As Youth Go Back To School, New Laws Go Into Effect for Youth Justice System
SALT LAKE CITY – Many youth across the state of Utah will be back in school next week. Several Utah non-profit organizations wish to remind these youth – and those who care for and about them – that positive changes have been made to Utah laws regarding the juvenile justice system.
These groups – which include Racially Just Utah, YWCA Utah and the Ogden Branch of the NAACP – have worked together to produce an informational brochure that outlines several of these important new developments. The brochure highlights many positive changes that were enacted with the passage of HB239 during the 2017 Utah Legislative Session, such as:
New caps on fines and community service hours for youth sentenced for various offenses;
New limits on the amount of time youth can be kept in juvenile detention or secure confinement; and
More alternatives to court appearances and out-of-home placements.
The brochure is now available to the general public for use and distribution. It can be downloaded at the websites of Voices for Utah Children (www.utahchildren.org), the YWCA Utah (www.ywcautah.org), Utahns Against Hunger (www.uah.org) and the ACLU of Utah (www.acluutah.org). Free print copies can be obtained by contacting Voices for Utah Children or the ACLU of Utah.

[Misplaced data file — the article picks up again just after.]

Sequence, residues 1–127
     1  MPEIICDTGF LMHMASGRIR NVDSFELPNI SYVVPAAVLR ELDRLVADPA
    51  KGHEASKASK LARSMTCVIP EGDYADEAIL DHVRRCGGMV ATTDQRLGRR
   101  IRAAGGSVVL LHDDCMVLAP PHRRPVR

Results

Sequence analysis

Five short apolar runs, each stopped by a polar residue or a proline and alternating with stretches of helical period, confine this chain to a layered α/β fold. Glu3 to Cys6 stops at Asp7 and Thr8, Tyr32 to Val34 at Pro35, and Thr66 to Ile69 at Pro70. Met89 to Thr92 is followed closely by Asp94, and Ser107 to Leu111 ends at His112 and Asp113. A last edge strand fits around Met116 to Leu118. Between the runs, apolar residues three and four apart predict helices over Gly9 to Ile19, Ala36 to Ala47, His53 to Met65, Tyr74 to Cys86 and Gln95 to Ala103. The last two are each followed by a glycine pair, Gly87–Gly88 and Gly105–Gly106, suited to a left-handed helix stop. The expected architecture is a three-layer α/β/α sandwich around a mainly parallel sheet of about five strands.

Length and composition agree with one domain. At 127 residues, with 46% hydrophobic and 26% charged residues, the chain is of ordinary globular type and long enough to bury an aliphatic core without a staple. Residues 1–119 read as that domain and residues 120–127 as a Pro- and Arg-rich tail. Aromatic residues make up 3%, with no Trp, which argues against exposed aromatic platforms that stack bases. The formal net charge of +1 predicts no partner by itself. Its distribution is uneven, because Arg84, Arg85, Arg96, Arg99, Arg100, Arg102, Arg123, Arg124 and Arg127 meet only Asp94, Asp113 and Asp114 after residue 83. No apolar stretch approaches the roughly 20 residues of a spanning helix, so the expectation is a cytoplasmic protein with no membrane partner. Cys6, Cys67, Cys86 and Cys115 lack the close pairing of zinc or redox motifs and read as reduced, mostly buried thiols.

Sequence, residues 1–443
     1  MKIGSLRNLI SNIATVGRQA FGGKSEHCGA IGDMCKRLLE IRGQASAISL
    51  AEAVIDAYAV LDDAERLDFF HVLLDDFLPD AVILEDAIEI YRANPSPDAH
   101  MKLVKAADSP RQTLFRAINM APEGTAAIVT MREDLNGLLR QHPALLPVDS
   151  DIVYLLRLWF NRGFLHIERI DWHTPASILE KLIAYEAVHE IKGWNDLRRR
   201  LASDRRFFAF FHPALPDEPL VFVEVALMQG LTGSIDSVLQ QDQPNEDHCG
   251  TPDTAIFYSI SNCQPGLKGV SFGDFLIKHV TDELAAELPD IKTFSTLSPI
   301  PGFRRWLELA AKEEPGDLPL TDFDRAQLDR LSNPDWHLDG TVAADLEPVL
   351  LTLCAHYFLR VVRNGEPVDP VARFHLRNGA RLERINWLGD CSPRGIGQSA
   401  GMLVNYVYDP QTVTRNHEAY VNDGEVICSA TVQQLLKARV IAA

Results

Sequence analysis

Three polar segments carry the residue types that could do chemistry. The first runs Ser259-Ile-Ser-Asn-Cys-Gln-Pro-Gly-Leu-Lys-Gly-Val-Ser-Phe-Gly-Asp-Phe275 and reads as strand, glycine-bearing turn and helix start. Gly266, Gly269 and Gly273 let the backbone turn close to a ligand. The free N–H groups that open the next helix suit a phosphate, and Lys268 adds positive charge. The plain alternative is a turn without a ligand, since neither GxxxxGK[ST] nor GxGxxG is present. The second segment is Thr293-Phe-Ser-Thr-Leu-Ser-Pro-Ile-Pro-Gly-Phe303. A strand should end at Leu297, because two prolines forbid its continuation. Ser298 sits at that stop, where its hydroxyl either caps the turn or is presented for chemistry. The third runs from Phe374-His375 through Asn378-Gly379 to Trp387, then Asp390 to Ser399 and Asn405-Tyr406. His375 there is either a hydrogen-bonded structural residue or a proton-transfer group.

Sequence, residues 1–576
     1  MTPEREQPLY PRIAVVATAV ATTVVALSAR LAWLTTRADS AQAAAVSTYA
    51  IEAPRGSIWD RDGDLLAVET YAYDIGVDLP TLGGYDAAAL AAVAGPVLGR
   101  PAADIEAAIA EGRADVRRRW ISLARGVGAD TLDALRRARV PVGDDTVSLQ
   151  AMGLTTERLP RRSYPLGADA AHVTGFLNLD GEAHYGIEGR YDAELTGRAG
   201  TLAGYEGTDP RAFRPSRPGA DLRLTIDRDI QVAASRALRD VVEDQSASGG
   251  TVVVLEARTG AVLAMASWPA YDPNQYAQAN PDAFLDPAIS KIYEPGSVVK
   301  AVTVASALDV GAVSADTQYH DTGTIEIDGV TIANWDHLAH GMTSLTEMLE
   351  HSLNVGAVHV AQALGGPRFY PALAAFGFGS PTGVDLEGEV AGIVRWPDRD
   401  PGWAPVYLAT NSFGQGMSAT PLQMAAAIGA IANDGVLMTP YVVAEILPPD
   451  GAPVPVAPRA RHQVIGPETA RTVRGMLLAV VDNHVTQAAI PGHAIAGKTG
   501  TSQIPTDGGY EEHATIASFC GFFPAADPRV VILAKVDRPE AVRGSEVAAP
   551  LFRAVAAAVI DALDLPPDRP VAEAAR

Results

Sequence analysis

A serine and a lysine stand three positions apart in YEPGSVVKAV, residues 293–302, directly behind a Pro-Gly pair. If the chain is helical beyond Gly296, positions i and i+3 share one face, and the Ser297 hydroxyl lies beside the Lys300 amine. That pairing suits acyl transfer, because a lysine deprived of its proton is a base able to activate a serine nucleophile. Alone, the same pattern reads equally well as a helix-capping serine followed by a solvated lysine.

“We want to be sure that Utah’s youth, and the adults in their lives, are aware that there are new rules about how youth are to be treated when they come into contact with the juvenile justice system,” said Lincoln Nehring, CEO of Voices for Utah Children. “These new rules should result in better outcomes for youth who find themselves being disciplined at school or appearing in court, but these reforms will only succeed if community members know about them.”
The new brochure (also attached) is currently available in English, with translated versions soon to be available in Spanish, Somali, Tongan and Samoan.
This is an opportunity for parents, guardians, friends and counselors to be informed and knowledgeable about how the new law requires youth to be treated, in the juvenile justice system. If you are an adult who suspects that a young person in your care or community is not being treated lawfully, or want more information about the new laws, you are encouraged to contact one of these participating community organizations, or the Utah Board of Juvenile Justice (801-538-1031).
Here is a complete list of the organizations that have contributed to the creation of this informational brochure: Voices for Utah Children, YWCA Utah, Racially Just Utah, the Ogden Branch of the NAACP, Utahns Against Hunger, Utah Coalition of La Raza Educators for Social Justice, the Disability Law Center and the ACLU of Utah.
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